Boots UK is planning to trial a private screening service for type 2 diabetes mellitus (T2DM) from May 2023 in seven stores across the UK, it has announced.
In a statement issued on 14 March 2023, the multiple said the service will be offered in stores located in Manchester, London and Birmingham, “as these cities have a higher prevalence of T2DM”.
It added that the service — which will cost patients £19.99 — “could roll out to more stores in the next year”, depending on demand from patients.
During the screening appointment, suitable patients will give blood via a finger prick test, which will be analysed using the LumiraDx HbA1c diagnostic test. The test provides a result within seven minutes.
If the result indicates potential T2DM, the patient will be advised to discuss their result with their GP.
Sebastian James, managing director of Boots UK, said: “There are currently around 850,000 people living with undiagnosed diabetes and we want to help address that.
“As well as having community pharmacies like Boots perform screening tests, there could be an expanded role for diabetes management in community pharmacy. Our pharmacy team members could support with checks when patients collect their medicines and feed this information back to their GP via their patient record. That could be really powerful.”
James added that Boots could deliver these tests on behalf of the NHS and would welcome conversations with national and local service commissioners.
Hannah Beba, a consultant pharmacist in diabetes at Leeds Health and Care Partnership, commented: “Using more point-of-care testing in screening programmes will be something exciting for the future, we do know that there are many undiagnosed cases of diabetes out there.
“I am concerned around any service that is adopted in a way that is disconnected to the rest of the healthcare system, especially one which has significant implications on downstream workloads and person expectations,” she added.
“Many point-of-care testing machines need to be appropriately calibrated and, depending on the system being used, there can be variability in accuracy of result provided. False positive results may generate considerable unnecessary workload for primary care teams.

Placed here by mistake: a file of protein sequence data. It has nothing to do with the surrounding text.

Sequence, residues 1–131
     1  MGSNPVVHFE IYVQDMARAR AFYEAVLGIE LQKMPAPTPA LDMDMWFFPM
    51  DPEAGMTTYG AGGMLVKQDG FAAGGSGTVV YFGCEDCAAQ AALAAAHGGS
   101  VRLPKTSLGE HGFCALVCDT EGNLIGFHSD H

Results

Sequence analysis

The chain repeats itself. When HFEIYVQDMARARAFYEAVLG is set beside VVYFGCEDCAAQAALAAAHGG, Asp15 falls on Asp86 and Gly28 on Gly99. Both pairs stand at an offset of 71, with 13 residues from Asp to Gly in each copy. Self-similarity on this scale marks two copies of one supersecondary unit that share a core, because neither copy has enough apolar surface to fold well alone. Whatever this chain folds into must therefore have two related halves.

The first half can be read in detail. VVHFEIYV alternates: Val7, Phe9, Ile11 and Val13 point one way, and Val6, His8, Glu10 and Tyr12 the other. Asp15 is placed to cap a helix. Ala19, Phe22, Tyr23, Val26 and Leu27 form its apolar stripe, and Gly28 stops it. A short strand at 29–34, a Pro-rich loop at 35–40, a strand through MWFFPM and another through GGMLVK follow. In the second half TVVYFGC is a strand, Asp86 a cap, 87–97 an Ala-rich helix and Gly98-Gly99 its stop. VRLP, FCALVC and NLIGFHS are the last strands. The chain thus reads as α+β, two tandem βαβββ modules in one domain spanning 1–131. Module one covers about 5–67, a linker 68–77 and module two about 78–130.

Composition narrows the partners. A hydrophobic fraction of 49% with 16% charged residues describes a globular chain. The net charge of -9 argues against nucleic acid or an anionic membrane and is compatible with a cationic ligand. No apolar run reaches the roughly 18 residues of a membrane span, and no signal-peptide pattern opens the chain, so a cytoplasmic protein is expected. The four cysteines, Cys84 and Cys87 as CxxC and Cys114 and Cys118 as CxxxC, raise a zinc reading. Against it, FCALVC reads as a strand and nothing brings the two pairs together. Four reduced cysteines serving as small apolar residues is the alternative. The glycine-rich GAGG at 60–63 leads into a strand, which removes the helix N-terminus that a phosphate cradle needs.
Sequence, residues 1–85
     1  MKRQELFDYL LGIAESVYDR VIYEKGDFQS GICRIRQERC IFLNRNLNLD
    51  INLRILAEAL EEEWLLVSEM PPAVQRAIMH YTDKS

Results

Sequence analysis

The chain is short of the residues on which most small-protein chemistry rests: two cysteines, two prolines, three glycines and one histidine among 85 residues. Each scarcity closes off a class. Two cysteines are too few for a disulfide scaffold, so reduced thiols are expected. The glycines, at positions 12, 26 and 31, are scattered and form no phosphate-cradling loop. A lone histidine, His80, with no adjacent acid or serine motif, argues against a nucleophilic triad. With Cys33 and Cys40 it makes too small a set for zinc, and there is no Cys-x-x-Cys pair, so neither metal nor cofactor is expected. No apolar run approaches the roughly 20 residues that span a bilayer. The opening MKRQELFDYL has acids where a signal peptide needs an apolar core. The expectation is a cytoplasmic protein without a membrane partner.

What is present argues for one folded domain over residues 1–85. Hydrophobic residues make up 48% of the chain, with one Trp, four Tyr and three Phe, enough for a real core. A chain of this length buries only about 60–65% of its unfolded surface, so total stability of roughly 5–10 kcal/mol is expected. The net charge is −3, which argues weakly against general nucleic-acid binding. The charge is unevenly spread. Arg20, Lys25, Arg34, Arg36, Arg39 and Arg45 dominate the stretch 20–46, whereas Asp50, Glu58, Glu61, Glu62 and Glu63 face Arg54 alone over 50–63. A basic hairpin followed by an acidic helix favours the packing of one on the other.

“Asking for payment for these tests will be something that has the potential to drive inequality and this is another reason why point-of-care testing should be considered as part of a programme of work within systems of care.”
Hannah Syed, a specialist diabetes pharmacist at East Sussex Healthcare NHS Trust, said the screening service “will help detect people living with undiagnosed type 2 diabetes in local communities; however, the challenge will be around affordability”.
“Often type 2 diabetes prevalence is high within deprived communities and so many people may not be be able to afford the cost of this service. Hopefully this initiative will drive discussions within integrated care systems to enable equitable access through locally commissioned schemes.”
Boots began expanding its ‘Online Doctor’ service in June 2021, with patients now able to access treatments for more than 45 conditions, including treatments for asthma, costing up to £158 for two inhalers, hormone replacement therapy at a cost of up to £96 for a consultation and prescription, and adrenaline auto-injectors costing up to £99 for two pens.
Then, in March 2022, the multiple launched an online private mental health service offering treatments for depression and anxiety for £65 per month.
Speaking to The Pharmaceutical Journal in January 2022, Marc Donovan, chief pharmacist at Boots, said: “The delivery of private services through community pharmacy is certainly growing and we think that’s good for patients and, importantly, good for the NHS as well.
“The availability of that kind of service … has alleviated some of the pressure from the NHS by taking non-complex healthcare interventions away from GP surgeries.”